all been to a cheap carnival. You probably spent too much
money on pink popcorn, lemonade, and cotton candy. Plunking
down even more money on tickets to ride, you went on attractions
that looked like they might blow over in a strong wind, even
as they hurled you into the air. And afterward, you might
have even thrown up behind a hay bale. Sure, you had fun,
but the afterbuzz made you wonder why you didn't just save
up the money and go to some place really good.
kind of what Charlie's Angels 2: Full Throttle is like.
For some of you, any criticism is beside the point. So let's
get the confession out now: it is damned funny. But it's also
a horrible piece of filmmaking, with less sense of how story
elements connect than an episode of I'm With Busey.
it is to run the risk of allowing director McG to consider
himself a gifted auteur. And people, I'm just not sure I can
allow that to happen.
not like the first was a masterpiece, either. And so if you're
thinking, well, more of the same isn't a bad thing, then this
"Film by McG" (is it irony?) will be your cup of tea. Ride
the Whirlwind, baby, then have a couple of corn dogs. Not
necessarily in that order..
plot there is follows the same beats as the first film, even
bringing back Crispin Glover as the evil Thin Man, though
he may have something akin to redemption on his mind. Someone
perceived as an ally turns out to have mayhem on their mind,
and Charlie's Angels have to stop them. As a twist, that shouldn't
come as a surprise, considering the touting of Demi Moore's
screen return as an evil Angel.
guys do know this was a sketch on Mad TV
making fun of Charlie's Angels, right?
screenwriters John August, Cormac Wibberley and Marianne Wibberley
try to add a little thematic subtext. We can never run from
our pasts (oh, very good, nice lesson, thank you), as Dylan
(Drew Barrymore) discovers when an ex-boyfriend (Justin Theroux,
chewing scenery with the best of them) returns from prison
to kill her.
course, there's also the idea that she's found a new life
among the Angels, and who she is now is far more important
than who she was when she was the improbably named Helen Zass.
(In case you don't get that joke, don't worry, the movie spends
five minutes straight beating it, throwing water on it to
revive it, then beating it back into unconsciousness again.)
than that, though, the finished product is more like a party
game than a story. It's as if the designers all went off on
their own and delivered a whole bunch of different scene ideas
without telling the others what they were doing. Pity those
poor screenwriters who had to try and leap from place to place
with some semblance of logic. Clearly, McG didn't care.
in that logic: a new Bosley facilitates the relationship between
Charlie and his Angels, played by a largely wasted Bernie
Mac. The script makes an almost clever attempt to explain
his brotherhood to Bill Murray, but McG has so little idea
how to handle a scene that isn't loud and stupid that you
might just miss what the explanation is.
he thinks he's in a David Lynch film.
do they then explain the first Bosley, David Doyle?
Because this film makes it absolutely clear that these Angels
are following in the, let's say, footsteps of the original
holy trinity of Farrah Fawcett, Kate Jackson and Jacqueline
Smith. As have others, hence Moore's role. There's an Angels
alumni newsletter. To complete the reach back, Smith even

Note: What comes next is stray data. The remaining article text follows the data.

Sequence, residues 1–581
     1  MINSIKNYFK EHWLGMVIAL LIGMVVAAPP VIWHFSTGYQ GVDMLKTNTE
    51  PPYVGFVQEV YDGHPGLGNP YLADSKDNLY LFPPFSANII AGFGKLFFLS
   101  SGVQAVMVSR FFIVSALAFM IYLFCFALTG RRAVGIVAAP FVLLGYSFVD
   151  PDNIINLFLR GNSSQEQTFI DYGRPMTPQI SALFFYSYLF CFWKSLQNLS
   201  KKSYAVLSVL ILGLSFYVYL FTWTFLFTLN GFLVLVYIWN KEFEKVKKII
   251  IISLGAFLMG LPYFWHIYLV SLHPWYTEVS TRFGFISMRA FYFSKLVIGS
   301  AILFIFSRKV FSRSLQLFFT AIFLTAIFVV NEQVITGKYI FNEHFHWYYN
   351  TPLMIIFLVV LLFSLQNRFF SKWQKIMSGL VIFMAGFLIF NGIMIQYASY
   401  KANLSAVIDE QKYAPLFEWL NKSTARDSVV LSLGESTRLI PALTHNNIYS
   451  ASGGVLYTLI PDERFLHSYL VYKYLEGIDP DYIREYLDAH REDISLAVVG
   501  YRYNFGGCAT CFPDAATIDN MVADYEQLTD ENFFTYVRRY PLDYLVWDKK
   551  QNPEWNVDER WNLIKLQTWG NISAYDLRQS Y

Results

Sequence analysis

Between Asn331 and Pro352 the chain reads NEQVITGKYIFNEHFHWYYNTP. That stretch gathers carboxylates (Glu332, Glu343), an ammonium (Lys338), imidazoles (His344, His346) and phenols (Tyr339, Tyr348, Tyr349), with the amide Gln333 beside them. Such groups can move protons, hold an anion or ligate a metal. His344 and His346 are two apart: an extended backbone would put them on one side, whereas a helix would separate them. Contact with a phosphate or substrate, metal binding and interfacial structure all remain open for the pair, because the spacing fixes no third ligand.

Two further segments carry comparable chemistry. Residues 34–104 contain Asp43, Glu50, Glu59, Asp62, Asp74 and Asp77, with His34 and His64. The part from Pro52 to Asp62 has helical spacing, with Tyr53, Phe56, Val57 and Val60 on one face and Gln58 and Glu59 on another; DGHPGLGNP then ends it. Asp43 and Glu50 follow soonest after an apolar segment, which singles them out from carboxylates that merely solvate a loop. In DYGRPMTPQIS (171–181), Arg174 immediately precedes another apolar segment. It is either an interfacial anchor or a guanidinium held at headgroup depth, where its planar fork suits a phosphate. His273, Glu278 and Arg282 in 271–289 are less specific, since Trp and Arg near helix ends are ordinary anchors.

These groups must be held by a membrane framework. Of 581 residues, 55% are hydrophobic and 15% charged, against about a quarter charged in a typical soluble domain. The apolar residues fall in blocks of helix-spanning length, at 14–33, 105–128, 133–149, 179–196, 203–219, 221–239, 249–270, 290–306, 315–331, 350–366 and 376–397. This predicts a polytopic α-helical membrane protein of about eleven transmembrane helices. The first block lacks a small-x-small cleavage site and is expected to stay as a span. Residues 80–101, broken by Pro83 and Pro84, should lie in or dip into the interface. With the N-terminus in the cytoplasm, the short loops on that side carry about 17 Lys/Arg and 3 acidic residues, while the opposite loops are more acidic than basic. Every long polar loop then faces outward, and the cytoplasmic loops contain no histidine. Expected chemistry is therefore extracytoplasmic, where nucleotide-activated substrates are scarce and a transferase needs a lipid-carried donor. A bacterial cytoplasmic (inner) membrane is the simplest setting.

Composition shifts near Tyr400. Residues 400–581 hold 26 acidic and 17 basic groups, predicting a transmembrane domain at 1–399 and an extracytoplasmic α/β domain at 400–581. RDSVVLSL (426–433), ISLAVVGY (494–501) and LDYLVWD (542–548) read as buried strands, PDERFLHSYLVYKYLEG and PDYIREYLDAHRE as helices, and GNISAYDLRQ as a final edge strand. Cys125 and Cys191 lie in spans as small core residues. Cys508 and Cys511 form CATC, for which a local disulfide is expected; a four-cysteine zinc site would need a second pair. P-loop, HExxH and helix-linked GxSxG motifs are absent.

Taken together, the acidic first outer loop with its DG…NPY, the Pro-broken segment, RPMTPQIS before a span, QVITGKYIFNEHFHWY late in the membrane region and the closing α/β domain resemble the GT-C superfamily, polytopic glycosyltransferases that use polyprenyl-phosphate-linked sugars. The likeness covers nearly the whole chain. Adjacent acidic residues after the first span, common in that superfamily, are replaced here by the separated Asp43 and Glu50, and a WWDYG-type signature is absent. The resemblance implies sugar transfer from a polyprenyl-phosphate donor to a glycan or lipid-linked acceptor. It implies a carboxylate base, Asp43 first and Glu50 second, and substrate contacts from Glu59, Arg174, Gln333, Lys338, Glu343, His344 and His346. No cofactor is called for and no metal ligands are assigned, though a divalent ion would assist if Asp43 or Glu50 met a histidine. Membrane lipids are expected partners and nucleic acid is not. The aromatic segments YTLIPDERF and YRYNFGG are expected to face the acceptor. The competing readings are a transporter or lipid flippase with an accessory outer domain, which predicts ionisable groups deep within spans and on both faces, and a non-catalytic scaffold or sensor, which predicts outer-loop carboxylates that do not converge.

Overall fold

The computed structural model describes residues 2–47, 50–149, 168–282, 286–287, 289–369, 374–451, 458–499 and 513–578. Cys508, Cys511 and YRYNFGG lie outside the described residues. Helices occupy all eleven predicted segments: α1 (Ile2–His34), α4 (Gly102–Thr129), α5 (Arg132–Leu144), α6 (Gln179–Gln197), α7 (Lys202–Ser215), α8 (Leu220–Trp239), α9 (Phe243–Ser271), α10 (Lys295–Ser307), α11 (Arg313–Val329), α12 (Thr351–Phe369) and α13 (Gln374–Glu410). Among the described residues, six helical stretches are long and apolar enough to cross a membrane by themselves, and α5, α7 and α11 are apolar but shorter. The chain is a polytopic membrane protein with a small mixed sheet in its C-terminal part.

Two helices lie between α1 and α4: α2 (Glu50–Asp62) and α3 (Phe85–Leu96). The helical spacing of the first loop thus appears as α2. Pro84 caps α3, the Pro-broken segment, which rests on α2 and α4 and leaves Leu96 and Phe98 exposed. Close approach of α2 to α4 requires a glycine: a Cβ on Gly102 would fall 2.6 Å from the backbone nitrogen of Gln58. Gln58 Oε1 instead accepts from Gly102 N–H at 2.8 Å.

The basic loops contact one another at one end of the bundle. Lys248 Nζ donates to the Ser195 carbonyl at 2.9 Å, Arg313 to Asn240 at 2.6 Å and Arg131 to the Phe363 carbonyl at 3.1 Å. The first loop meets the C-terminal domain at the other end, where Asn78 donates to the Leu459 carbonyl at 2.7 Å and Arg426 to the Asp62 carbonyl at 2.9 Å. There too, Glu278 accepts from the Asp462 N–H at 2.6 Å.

makes an amber-lit cameo to offer advice to a forlorn Barrymore.
specifically say what that cameo pays homage to besides the
original series, but I know that it must. Because visually,
though there are a lot of cool things to look at, they're
all stolen from some other filmmakers. When a wall of flames
springs up after a warehouse explosion, I prayed that there
wouldn't be a T2 reference, but sure enough, there
it was. And then I laughed, damn me, even though it's not even Robert Patrick doing the bit. But he is elsewhere in the movie. It's a bunch of music
videos edited together, relying heavily on pop cultural references
for their coolness cache.
the references aren't enough, Full Throttle loads on
the cameos, just like a wacky sixties sex comedy. McG does
have the sense to linger on these celebrities just long enough
for you to realize who they are, though Bruce Willis really
does look like he wandered in from another movie entirely.
there's no coherence, what is there? Silly playground sex
jokes and skimpy outfits by the truckload, that's for sure.
If you haven't seen Cameron Diaz shake her ass nearly enough
for your taste, it's here. There are a few jokes lifted out
of the cartoon pages of Playboy. In fact, it's a lot like
a porn film comedy, except without the…oh, wait, no, Pink
does have a cameo.
I just had to hammer home the joke.
Liu does a ferret impression, and then turns into a literal
kitten with a whip in a strangely unerotic strip club scene,
both in service to a wacky mix-up, stop me if you've heard
this one, where her father (John Cleese) thinks she's a nurse
until her boyfriend (Matt LeBlanc) explains about Charlie,
except, hee hee, I'm dying here, the dad thinks Charlie is
a pimp whoring out his daughter.
annoying thing is that it really is hilarious. Only
the scenes involving Bosley and his family taking in an orphaned
Shia LeBouef allow for you to stop and think, crap, this is
stupid. The rest of the time, everybody has thrown
themselves into the whole thing with such gleeful abandon
that it's hard not to get seduced by the lights, the sounds,
and the smell of the midway.
You need a couple of bucks for a deep-fried Twinkie? Okay.
Here you go. You kids have fun, now.
Those With Critical Faculties: $2
Who Promise To Leave Their Brains In The Car: $7